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Manitoba Ombudsman releases FIPPA audit report of four Manitoba public bodies

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Jun 25, 2020

Manitoba Ombudsman has released an audit report under the Freedom of Information and Protection of Privacy Act (FIPPA) into the access to information practices of four public bodies – Manitoba Finance, Executive Council Office, the Civil Service Commission and Manitoba Crown Services.

“The right of timely access to information enables citizens to meaningfully participate in government decision making," said Ombudsman Jill Perron. "Under FIPPA, a delay in access is a refusal of access.”

FIPPA requires public bodies to respond to access requests in a timely manner and the act sets out a time limit of 30 days, which may be extended in certain circumstances. Additionally, under FIPPA public bodies have a duty to assist applicants throughout the FIPPA process. Public bodies must make every reasonable effort to clarify requests, search for records and respond without delay to each applicant in an open, accurate and complete manner.

This audit was initiated in response to a number of concerns brought forward to our office. FIPPA staff play an important role in processing and coordinating the responses to access requests. FIPPA services for the four public bodies are centralized with Manitoba Finance.

The audit of 120 FIPPA files over a six-month period ending in May 2018 examined:

  • The public bodies’ timeliness and compliance in meeting the legislated timelines under FIPPA when responding to requests.
  • Whether the public bodies communicated with applicants after receiving the requests, in keeping with the duty to assist applicants.

The audit identified the following issues:

  • Response times in many cases exceeded the legislated time limit and time extensions for responses were not used.
  • Communication with applicants throughout the access to information process was limited.
  • Documentation about the management of information, processing of access requests and decisions in the FIPPA files was inconsistent and not centralized.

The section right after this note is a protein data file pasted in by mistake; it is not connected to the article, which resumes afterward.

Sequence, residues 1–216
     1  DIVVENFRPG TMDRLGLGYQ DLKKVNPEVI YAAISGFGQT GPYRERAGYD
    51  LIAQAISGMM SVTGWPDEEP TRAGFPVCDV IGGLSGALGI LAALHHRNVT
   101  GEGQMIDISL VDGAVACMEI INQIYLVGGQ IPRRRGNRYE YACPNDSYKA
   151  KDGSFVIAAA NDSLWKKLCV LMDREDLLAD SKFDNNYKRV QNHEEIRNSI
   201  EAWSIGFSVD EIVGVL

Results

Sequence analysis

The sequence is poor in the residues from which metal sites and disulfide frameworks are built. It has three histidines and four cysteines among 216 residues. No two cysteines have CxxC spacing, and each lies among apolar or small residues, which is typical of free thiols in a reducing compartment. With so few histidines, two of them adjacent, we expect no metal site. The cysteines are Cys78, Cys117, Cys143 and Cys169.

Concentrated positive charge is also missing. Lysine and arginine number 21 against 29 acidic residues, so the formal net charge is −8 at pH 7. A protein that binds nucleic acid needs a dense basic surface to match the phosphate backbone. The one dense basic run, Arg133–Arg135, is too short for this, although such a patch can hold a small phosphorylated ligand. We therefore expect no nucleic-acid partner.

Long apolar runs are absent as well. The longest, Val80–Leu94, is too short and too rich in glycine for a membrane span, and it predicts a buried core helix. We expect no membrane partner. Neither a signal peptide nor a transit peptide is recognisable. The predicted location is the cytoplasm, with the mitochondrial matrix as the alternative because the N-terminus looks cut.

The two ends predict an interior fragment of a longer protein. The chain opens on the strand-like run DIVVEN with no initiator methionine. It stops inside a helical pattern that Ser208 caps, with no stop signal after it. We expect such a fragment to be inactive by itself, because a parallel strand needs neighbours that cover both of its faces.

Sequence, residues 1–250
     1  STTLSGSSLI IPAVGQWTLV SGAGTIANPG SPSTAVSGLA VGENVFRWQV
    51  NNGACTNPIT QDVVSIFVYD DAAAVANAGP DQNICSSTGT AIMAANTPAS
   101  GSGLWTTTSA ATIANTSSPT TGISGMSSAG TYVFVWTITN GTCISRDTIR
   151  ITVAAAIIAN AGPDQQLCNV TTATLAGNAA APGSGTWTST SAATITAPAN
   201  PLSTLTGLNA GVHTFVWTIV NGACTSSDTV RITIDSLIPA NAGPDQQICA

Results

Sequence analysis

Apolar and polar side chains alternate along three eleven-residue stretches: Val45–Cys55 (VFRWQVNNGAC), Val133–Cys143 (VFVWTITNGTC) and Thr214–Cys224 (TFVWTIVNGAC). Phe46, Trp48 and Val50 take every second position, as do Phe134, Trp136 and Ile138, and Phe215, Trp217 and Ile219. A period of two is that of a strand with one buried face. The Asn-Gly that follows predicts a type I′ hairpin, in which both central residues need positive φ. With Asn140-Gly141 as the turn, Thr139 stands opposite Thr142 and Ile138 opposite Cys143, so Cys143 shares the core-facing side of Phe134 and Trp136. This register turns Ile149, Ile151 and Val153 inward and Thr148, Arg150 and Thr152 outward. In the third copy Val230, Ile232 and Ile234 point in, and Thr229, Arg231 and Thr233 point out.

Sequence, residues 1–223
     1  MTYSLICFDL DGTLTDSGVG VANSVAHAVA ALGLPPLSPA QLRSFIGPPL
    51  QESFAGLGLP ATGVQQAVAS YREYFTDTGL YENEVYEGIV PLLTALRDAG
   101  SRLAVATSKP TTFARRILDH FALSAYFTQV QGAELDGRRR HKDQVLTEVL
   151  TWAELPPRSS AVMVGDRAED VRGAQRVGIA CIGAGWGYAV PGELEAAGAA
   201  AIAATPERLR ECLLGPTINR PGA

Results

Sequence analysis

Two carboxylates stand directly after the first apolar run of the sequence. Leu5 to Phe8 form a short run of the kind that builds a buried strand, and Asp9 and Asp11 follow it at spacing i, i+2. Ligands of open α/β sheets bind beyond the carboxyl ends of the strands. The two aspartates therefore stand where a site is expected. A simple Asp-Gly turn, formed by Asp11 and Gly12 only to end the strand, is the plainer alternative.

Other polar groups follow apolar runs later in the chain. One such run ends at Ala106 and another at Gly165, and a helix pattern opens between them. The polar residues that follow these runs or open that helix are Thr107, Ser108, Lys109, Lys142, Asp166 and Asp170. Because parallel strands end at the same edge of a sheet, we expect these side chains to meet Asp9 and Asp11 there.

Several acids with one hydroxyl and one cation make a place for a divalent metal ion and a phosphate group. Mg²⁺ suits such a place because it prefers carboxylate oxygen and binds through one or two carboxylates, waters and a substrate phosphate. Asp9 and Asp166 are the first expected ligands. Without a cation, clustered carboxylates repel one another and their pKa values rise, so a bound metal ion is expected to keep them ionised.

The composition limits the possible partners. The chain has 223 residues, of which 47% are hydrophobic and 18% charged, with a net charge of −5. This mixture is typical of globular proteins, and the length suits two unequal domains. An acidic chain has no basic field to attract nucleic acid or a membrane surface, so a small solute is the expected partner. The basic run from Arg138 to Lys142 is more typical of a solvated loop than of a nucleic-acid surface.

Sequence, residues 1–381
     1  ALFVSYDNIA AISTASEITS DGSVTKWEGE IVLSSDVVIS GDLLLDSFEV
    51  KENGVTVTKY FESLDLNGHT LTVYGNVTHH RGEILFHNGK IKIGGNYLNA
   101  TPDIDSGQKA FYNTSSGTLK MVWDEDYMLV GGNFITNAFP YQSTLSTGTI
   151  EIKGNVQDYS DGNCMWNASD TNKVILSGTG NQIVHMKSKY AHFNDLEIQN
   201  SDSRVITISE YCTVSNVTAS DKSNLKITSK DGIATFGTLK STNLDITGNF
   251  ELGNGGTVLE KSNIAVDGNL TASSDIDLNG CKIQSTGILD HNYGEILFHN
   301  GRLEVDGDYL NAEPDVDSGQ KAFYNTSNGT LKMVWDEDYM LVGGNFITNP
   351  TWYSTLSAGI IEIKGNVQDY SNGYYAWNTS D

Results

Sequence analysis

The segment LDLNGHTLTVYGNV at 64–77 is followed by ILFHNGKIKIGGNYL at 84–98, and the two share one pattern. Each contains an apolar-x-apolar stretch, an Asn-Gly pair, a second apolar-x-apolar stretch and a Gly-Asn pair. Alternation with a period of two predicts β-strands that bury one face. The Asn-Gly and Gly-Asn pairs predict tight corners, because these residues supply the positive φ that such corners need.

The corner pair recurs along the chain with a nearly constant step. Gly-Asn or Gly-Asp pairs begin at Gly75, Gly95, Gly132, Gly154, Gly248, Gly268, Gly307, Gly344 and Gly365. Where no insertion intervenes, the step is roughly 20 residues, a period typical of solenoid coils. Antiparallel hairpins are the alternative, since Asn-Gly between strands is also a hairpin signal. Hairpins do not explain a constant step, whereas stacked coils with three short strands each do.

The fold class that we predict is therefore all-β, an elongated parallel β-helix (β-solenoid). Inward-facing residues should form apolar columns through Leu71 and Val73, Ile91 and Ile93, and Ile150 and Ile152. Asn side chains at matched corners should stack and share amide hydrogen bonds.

The ombudsman made five recommendations to improve the public bodies’ response times and aid in strengthening communication with applicants and compliance with FIPPA, including that the public bodies:

  • Not reveal the type of applicant if it is not necessary for processing the access request or may reveal the applicant’s identity.
  • Assess FIPPA processes and resource needs, in order to comply with legislated time limits.
  • Acknowledge the receipt of FIPPA applications and provide a FIPPA reference number and point of contact for applicants.
  • Standardize FIPPA process documentation and maintain it in a centralized location.
  • Routinely assess and consider releasing access records through proactive disclosure.

The public bodies accepted all five recommendations. Implementation of the recommendations will help to promote the right of access for Manitobans.

Manitoba Ombudsman is an independent office of the Legislative Assembly of Manitoba. Under FIPPA, the ombudsman may investigate complaints, conduct audits to monitor and ensure compliance with the act, inform the public about the act and comment on the access and privacy implications of proposed legislation, programs or practices of public bodies.

The FIPPA audit report, Timeliness of Access to Information Responses: Manitoba Finance, Executive Council, Civil Service Commission, Crown Services, is at